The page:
A new study reported in the journal Arthritis Care and Research found that type 3 finger length pattern, where the fourth finger is longer than the second finger, may be a valid non-invasive biomarker for risk of chronic joint pain and osteoarthritis (OA) of the hand.
This type of finger pattern is an indicator of prenatal exposure to high androgen levels, which are known to be involved in the development of the skeleton, and also might result in cartilage that is more susceptible to osteoarthritis in later life.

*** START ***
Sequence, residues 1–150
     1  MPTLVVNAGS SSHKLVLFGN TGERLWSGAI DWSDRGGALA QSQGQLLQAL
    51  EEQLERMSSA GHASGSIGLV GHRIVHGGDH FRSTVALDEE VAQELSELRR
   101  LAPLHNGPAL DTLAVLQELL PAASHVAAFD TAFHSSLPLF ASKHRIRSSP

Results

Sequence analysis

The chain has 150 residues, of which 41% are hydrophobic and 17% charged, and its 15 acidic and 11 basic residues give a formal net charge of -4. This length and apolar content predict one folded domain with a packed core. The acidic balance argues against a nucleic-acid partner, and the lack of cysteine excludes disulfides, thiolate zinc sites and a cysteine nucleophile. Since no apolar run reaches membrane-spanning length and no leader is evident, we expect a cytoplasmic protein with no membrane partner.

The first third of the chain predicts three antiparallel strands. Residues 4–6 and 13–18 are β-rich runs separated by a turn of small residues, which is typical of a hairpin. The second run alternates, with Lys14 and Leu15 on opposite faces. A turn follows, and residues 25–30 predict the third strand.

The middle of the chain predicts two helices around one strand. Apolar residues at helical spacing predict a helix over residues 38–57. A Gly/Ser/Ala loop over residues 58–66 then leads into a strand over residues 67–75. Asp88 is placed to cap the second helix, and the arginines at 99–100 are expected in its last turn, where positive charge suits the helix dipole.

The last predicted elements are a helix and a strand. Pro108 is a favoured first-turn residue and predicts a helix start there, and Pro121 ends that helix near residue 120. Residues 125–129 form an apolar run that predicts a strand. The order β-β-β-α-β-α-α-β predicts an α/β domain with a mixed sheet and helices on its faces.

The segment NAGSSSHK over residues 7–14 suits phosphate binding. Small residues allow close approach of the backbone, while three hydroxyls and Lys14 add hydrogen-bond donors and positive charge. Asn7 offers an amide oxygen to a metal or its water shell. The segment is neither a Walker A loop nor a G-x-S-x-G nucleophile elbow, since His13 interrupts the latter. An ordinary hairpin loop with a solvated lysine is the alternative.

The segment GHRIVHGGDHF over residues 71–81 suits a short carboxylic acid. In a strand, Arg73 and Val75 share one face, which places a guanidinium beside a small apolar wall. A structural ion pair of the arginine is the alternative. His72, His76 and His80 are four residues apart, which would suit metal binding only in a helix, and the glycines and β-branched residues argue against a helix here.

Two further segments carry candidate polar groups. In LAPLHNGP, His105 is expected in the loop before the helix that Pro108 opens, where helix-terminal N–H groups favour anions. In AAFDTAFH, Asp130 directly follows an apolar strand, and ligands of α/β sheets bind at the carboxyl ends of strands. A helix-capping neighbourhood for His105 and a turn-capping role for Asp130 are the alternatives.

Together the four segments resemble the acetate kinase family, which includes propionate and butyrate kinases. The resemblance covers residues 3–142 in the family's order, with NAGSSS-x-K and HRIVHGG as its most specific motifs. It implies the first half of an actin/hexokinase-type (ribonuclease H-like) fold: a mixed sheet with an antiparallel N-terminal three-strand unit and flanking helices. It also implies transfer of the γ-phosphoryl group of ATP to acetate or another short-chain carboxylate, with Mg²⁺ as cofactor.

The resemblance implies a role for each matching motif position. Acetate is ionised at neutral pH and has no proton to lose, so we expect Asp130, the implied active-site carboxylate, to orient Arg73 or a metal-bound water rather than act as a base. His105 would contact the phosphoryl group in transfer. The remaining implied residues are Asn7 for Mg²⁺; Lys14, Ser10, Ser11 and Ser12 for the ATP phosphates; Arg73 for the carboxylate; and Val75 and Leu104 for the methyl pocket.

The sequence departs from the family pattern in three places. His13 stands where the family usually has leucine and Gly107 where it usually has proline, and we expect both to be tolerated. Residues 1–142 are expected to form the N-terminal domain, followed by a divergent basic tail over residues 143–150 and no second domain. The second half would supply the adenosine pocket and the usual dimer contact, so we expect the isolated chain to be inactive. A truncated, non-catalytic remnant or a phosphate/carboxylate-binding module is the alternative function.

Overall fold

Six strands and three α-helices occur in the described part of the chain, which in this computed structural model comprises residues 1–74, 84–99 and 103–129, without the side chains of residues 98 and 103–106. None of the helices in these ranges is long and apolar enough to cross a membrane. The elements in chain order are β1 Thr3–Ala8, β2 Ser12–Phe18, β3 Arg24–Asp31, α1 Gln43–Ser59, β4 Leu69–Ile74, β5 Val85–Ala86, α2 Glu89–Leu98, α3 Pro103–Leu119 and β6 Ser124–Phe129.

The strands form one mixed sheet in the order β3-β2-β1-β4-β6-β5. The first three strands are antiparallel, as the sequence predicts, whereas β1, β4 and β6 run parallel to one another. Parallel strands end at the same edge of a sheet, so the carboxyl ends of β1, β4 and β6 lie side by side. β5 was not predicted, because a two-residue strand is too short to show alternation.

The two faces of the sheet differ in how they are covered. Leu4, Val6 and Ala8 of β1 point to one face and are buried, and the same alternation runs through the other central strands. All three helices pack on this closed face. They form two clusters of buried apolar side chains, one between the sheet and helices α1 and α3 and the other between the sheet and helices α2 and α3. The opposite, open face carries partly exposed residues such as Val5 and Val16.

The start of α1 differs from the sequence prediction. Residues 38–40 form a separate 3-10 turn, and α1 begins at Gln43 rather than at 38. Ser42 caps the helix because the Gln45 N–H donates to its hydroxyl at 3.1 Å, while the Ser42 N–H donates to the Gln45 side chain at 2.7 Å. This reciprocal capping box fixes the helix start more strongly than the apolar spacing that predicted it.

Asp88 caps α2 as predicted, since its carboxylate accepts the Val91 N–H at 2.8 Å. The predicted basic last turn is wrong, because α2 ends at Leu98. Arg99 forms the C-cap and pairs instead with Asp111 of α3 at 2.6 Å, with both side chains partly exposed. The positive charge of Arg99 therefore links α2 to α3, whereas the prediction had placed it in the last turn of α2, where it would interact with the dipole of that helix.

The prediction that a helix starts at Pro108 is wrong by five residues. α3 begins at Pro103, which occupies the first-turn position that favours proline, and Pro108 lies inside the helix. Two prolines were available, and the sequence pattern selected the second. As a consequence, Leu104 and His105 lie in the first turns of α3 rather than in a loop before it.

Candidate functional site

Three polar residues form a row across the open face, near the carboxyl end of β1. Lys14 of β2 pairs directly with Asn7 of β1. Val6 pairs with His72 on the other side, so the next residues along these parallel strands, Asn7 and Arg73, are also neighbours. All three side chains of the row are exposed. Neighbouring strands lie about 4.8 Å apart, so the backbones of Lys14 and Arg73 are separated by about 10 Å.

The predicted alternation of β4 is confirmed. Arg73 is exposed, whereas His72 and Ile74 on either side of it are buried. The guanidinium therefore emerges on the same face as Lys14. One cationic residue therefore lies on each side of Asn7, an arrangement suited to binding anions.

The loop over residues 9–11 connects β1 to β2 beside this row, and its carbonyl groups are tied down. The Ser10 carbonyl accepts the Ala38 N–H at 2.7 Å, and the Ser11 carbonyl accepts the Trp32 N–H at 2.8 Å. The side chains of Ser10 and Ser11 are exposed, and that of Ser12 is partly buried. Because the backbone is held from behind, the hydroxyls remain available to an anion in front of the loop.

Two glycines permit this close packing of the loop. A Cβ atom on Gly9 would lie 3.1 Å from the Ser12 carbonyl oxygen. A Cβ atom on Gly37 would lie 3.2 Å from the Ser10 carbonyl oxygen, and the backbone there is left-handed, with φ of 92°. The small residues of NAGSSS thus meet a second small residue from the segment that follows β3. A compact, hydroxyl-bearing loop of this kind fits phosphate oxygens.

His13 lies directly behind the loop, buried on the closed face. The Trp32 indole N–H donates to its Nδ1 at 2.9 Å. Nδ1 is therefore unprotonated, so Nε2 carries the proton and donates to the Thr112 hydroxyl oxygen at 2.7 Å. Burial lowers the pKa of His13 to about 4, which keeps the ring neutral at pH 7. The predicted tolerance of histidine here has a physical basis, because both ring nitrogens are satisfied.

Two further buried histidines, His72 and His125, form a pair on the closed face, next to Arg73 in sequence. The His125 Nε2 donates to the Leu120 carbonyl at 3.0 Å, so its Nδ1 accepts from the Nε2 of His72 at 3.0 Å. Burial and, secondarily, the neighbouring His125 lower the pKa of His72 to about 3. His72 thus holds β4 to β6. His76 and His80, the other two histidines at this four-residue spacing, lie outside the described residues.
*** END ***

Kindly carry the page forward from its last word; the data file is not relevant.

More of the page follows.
The researchers also report that type 3 finger pattern was significantly associated with chronic joint pain, and that this association became stronger with chronic joint pain affecting more than two sites. There was little change in the strength of these associations when patients with severe OA in the second digit were excluded from the analysis. The team concludes that this suggests that the chronic pain, and not the presence of OA, might explain the association found. All of the associations were independent of other known risk factors for OA, such as age, gender and body mass index. Read more about the research here.